Dissertation Defense

Low-Power RF Integrated Circuits for Wireless Sensors Network Synchronization and Communicaation

Jonathan K. Brown

Society has been witness to an on-going computing revolution as new classes of computing technology have displaced older technologies"”from mainframes decades ago to smartphones today. The rise of each new class of computing technology has brought about even smaller and more ubiquitous systems. As this trend continues, wireless sensor networks (WSNs) are widely perceived as the new frontier for a variety of applications, including infrastructure and health monitoring. Many applications, however, require sensor nodes with both long lifetimes and small volumes, resulting in highly energy-constrained systems. Of the tasks for a wireless sensor node, wireless synchronization and communication remain the highest energy.
This talk presents three RF integrated circuits designed to address these challenges. Two of the designs employ a new type of receiver called a clock-harvesting receiver. They each harvest a digital clock from an existing wireless standard, one from GSM and the other from CDMA, and can be duty-cycled to further conserve synchronization energy. Several other wireless standards also are investigated. The third design presented is a 10GHz UWB receiver for an energy-constrained cubic-mm node. The talk also will discuss system-level challenges such as battery limitations and clock accuracy that led to specific circuit design decisions.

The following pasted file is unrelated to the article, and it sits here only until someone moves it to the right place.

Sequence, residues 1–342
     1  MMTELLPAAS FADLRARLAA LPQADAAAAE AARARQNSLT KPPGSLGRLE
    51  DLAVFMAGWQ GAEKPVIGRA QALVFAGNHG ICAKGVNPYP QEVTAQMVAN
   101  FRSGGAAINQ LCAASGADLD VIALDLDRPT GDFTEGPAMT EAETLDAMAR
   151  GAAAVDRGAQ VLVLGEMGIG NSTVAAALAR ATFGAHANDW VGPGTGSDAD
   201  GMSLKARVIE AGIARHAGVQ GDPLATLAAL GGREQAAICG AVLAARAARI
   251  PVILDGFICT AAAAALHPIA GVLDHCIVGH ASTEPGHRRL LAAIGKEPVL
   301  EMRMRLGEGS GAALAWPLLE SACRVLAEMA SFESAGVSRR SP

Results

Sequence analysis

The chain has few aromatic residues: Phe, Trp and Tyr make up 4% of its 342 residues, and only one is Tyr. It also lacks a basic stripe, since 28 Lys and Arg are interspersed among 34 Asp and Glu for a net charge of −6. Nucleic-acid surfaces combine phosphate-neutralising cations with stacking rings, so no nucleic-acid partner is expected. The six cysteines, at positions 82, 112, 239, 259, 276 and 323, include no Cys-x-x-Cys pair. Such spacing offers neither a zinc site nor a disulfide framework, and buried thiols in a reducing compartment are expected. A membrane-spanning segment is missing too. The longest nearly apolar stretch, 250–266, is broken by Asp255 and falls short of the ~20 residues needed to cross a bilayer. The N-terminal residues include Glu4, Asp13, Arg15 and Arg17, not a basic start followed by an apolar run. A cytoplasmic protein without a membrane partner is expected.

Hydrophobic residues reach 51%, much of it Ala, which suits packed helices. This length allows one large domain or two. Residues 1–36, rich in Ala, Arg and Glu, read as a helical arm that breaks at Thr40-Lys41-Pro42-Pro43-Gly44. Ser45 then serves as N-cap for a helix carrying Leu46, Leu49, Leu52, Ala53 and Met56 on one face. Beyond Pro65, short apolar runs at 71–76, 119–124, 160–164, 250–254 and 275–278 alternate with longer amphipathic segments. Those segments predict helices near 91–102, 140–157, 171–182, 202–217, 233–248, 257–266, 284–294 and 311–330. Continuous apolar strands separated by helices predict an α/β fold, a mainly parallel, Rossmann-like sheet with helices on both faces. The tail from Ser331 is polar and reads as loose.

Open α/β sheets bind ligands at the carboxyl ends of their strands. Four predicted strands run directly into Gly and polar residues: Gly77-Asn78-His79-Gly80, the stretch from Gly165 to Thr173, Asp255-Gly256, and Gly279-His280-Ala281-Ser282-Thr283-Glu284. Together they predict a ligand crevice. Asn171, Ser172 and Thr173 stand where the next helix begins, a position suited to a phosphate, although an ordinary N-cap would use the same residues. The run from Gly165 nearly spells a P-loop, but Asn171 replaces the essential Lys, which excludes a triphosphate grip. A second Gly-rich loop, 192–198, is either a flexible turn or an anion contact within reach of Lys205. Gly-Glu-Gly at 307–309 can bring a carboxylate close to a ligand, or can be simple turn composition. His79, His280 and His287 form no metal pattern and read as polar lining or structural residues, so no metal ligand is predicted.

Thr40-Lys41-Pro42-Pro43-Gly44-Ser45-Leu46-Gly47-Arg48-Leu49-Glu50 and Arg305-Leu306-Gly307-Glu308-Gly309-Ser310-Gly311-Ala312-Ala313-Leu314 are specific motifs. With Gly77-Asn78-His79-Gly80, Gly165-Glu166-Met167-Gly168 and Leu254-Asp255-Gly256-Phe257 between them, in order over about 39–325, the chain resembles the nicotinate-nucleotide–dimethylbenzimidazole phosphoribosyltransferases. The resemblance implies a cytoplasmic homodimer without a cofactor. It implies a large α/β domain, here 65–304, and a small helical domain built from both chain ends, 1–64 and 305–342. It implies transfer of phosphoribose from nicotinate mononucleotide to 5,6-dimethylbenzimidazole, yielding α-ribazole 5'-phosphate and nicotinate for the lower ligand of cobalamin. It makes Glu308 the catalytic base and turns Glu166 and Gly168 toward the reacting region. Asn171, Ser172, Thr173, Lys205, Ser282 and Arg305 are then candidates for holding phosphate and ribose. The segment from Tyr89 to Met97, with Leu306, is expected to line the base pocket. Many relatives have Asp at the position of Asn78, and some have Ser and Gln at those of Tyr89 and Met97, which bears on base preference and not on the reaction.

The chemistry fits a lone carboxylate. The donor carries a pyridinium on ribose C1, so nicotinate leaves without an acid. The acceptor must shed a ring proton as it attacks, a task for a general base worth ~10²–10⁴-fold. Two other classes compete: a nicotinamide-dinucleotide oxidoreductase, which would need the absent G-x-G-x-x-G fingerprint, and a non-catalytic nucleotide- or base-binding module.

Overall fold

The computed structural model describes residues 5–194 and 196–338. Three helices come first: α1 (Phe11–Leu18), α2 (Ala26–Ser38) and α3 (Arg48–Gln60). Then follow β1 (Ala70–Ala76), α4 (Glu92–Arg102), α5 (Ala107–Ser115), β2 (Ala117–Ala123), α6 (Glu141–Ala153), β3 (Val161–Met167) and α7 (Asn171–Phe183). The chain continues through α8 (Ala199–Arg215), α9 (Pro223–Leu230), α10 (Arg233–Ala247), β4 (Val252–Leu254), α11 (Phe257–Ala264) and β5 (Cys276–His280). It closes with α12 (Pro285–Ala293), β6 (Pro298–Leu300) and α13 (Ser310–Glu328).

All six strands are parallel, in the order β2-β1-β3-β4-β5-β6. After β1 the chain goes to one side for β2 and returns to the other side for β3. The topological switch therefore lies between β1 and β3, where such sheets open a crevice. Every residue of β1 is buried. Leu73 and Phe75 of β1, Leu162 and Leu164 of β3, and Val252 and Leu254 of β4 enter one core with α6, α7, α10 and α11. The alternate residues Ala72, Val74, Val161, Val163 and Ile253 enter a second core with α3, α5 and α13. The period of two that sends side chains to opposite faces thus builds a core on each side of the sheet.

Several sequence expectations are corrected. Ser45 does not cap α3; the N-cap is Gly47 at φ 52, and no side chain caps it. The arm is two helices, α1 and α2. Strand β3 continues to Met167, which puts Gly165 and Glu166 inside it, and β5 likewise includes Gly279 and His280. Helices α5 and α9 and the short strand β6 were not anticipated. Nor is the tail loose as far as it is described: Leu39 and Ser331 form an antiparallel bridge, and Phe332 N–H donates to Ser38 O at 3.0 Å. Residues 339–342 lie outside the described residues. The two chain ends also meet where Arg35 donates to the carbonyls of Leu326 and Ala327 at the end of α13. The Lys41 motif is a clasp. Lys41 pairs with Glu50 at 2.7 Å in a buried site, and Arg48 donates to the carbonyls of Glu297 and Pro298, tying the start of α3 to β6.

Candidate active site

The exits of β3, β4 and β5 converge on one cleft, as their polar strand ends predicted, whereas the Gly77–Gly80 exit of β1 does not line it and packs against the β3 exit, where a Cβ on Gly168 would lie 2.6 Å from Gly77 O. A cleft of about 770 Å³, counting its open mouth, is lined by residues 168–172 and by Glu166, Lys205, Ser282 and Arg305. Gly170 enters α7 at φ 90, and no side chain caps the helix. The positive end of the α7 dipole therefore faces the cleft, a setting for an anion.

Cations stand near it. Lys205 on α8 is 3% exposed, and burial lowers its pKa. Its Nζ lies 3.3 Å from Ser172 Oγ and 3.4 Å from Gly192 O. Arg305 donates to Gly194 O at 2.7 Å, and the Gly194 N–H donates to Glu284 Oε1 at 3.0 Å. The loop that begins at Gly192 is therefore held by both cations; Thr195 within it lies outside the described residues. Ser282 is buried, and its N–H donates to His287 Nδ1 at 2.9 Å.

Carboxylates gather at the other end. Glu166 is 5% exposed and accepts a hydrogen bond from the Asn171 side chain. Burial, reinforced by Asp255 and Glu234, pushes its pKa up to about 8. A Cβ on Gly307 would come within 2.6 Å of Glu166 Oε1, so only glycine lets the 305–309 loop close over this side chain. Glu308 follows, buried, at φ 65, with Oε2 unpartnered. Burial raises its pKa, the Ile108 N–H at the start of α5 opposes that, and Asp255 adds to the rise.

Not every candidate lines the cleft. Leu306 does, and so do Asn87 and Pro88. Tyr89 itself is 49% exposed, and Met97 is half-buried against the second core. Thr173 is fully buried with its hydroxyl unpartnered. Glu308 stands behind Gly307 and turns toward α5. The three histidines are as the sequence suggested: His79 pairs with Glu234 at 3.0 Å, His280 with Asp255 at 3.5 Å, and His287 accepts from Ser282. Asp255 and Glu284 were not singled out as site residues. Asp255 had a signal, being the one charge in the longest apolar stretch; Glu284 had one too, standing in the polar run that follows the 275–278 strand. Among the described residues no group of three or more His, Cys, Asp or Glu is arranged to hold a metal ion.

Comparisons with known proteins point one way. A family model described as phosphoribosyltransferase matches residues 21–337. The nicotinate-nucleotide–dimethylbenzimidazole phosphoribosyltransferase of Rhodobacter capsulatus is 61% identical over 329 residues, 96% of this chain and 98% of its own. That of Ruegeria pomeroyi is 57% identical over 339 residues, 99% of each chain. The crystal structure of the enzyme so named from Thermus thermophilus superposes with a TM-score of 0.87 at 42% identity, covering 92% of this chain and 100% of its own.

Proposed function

Sponsored by

David D. Wentzloff